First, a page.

1099 requirements went on a roller coaster ride in 2010 and 2011. The requirements became more strict until the 2010 legislation was repealed in April, 2011. Now, we're back to pre-2010 1099 requirements. Here, we'll shed some light on what the IRS expects from businesses.
A 1099 form is an information return as opposed to a tax return. Businesses are required to use a 1099 form to report payouts to nonemployee independent contractors and vendors if the payouts are in excess of $600 during the year. Each transaction must have its own 1099 form. Three copies of each form is also a requirement so that the contractor, the payer and the IRS each get a copy.
One example of a transaction that requires a 1099 form is payment to a lawyer in excess of $600. Payments to corporations that are not law firms and to landlords are exempt from the reporting requirement. However, you are required to report rent paid to a noncorporate landlord for business purposes, like in the case of a farmer leasing land to grow crops. Small time landlords are also exempt from the 1099 requirements when they pay plumbers to fix a tenant's sink for example. A 2010 law required landlords to report payouts, but this requirement was repealed in 2011.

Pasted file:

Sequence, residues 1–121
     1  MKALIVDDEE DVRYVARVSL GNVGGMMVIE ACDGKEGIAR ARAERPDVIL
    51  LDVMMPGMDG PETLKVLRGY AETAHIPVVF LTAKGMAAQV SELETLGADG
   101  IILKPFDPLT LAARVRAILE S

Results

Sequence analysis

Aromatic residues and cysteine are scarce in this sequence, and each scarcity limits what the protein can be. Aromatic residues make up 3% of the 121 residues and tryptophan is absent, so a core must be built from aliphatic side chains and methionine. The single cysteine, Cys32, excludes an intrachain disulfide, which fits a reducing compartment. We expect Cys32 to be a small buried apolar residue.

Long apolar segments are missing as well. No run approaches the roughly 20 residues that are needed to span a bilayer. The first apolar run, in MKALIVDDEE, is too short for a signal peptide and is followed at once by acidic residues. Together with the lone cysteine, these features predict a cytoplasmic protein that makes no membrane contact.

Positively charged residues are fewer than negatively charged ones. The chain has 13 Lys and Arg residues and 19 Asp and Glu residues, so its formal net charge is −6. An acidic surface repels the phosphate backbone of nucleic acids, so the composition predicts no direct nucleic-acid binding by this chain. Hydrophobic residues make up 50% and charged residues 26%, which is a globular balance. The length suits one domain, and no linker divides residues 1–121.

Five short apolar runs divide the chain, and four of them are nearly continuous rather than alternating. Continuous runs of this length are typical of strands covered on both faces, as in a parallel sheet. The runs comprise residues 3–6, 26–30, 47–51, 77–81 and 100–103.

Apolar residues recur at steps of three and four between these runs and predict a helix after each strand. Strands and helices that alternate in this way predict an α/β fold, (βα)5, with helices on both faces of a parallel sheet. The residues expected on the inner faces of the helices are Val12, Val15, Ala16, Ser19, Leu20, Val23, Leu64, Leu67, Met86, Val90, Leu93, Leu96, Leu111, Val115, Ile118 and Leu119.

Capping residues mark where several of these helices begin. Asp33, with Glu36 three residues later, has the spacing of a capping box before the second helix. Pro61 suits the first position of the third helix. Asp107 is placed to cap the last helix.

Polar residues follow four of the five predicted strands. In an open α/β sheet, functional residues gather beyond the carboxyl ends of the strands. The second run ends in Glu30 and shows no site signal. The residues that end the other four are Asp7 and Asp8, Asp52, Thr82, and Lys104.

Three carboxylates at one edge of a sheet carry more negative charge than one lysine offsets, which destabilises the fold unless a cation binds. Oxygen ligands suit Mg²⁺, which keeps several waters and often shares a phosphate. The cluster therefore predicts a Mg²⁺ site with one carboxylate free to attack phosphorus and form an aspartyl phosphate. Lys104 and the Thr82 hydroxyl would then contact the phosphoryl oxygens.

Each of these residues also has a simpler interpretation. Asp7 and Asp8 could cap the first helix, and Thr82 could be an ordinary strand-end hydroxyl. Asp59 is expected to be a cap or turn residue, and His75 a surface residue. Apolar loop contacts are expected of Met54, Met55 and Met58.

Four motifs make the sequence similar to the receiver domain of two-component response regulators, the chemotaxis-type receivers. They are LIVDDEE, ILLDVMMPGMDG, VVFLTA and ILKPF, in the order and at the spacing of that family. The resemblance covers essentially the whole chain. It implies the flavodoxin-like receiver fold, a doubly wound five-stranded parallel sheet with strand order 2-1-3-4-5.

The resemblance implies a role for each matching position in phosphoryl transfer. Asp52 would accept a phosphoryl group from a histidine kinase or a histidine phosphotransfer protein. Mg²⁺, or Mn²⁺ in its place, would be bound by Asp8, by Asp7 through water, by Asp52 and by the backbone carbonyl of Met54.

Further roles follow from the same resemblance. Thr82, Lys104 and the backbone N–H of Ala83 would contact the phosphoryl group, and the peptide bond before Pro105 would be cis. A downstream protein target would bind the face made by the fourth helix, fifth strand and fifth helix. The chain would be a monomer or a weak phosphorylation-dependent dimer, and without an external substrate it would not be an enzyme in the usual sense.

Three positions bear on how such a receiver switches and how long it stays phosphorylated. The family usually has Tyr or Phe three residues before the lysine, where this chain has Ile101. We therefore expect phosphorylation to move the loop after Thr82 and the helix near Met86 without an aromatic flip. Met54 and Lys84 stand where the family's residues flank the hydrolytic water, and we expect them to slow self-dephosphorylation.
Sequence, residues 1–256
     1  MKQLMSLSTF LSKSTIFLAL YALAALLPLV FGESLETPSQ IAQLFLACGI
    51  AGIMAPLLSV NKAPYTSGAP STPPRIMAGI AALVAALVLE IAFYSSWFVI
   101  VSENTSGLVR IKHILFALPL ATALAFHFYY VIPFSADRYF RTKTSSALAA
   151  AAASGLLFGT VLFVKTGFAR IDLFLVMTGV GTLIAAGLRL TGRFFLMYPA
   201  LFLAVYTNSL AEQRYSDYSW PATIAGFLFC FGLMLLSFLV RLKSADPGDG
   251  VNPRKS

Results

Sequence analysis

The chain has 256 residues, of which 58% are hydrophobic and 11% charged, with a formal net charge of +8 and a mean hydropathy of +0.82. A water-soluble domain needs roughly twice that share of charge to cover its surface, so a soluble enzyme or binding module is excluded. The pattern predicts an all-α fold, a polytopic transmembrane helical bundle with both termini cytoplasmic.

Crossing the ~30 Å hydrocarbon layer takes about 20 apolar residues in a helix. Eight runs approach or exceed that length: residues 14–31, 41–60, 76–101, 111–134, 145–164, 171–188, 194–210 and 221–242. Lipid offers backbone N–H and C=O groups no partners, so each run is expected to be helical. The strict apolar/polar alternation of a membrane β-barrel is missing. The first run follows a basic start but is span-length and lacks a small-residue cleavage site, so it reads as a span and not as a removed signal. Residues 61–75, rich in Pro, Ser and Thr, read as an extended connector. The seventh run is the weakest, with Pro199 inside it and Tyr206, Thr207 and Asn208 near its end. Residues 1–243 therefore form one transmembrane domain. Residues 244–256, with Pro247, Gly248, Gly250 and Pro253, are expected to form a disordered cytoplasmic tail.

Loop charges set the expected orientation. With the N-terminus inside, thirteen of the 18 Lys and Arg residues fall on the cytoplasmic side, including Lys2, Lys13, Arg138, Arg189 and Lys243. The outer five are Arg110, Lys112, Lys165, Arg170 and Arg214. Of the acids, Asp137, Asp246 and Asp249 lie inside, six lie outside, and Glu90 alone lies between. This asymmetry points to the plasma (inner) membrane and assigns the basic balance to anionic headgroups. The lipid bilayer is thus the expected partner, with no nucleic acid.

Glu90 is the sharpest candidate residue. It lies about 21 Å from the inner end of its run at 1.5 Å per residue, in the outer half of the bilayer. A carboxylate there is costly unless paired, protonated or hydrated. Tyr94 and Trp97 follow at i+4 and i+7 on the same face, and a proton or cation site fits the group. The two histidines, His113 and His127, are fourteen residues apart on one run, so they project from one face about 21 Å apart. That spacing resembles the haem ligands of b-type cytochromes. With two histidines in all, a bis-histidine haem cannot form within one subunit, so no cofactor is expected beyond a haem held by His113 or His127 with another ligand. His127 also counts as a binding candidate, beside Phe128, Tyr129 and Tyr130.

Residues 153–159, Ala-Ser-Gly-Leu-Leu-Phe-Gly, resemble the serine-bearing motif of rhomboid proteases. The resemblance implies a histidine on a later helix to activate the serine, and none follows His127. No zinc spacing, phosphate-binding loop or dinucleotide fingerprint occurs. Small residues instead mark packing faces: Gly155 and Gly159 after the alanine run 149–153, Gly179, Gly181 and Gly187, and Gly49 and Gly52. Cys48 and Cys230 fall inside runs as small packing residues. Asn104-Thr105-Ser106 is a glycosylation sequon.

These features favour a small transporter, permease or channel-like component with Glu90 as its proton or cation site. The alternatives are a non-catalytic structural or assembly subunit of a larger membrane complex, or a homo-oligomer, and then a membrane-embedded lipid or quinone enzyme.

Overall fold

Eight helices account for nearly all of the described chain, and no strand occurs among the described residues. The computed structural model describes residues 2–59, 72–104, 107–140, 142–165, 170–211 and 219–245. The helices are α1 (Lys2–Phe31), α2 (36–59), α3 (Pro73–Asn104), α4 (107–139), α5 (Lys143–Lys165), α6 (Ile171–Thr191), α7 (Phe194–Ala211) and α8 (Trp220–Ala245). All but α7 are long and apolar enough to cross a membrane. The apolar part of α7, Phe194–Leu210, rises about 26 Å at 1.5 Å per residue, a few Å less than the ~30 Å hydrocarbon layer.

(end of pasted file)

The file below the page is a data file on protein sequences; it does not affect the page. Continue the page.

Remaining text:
Some companies fill out thousands of 1099 forms each year. Book publishers who pay monthly royalties and websites who pay independent freelance writers are prime examples of this. In such cases, they are required send the forms electronically to the IRS.